A weighted speculum is placed in the vagina; a right angle retractor is used to visualize the cervix; the anterior lip of the cervix is then grasped with a tenaculum. If stay sutures are used, they are placed at the three o'clock and nine o’clock position at the cervicovaginal junction. Current literature does not show a decrease in bleeding or hemorrhage, so it is a surgeon’s preference. Typically, 10 cc to 15 cc of dilute vasopressin is injected into the cervix at 2 o'clock, 4 o'clock, 8 o'clock, and 10 o’clock. Blanching will be seen. An angled blade is used to cut the cervix starting at two o’clock outside the transformation zone. A jigsaw cutting technique is performed circumferentially to include the lesion and the transformation zone.  Toothed forceps or an Allis clamp can be used to provide counter traction and elevate the cone bed, take caution not to damage the epithelium. The angled blade creates the cone specimen, and after circumferential excision, the base of the cone is excised with Mayo scissors. The residual endocervical canal is curettage with a Kevorkian curette and specimen captured on a Telfa pad. Then, hemostasis is obtained with Bovie cautery at 40 W ball electrode,[4] or some surgeons will utilize interrupted suture at the cone bed margins. If stay sutures were placed a narrow piece of oxidized cellulose (surgicel) can be placed in the cone bed and tied in with the stay sutures. The patient should be warned that she will pass this packing within the next few weeks. After the cone is removed, a suture is placed at twelve o’clock position to mark for the pathologist.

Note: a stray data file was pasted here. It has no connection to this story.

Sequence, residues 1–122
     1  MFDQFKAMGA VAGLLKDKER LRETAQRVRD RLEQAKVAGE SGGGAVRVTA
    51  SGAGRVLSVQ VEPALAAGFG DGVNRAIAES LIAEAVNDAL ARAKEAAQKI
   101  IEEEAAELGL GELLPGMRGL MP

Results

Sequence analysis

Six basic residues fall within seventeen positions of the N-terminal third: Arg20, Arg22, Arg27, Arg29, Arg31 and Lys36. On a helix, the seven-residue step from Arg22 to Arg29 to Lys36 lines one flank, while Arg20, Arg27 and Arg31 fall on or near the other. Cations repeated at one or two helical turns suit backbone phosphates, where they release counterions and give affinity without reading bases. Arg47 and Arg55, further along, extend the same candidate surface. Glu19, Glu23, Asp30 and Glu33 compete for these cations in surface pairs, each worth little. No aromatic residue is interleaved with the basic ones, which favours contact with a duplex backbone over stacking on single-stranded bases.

The most significant complication after cold knife cone is a hemorrhage. This can be intraoperative bleeding or delayed by up to two weeks. Intraoperative bleeding can be managed with multiple techniques utilizing suturing, and even hysterectomy is severe. Post-operative bleeding is between 5% to 15%, but conservative measures in the office using Monsel’s paste, silver nitrate, or packing typically treat the majority of these patients.[5] Occasionally the surgeon must return to the operating room and recauterize or suture the cone bed to obtain hemostasis. Infections following cold knife cone are rare and can be treated with antibiotics. Cervical stenosis and cervical insufficiency are late complications associated with this procedure. Stenosis can be treated with dilation and should be evaluated post-operative if aggressive Bovie cauterization of the endocervical canal was performed or a deep cone bed specimen was obtained. There is mixed data about the risk of preterm delivery and perinatal mortality associated with excisional procedures. There are no randomized controlled trials. Most of the studies show cold knife cone is associated with increased risk of preterm delivery and perinatal mortality, but LEEP is not. Greater depth of excision appears to be an increased risk for PPROM and preterm birth. [6]Increased number of procedures is linked to risk of preterm birth.[7][8]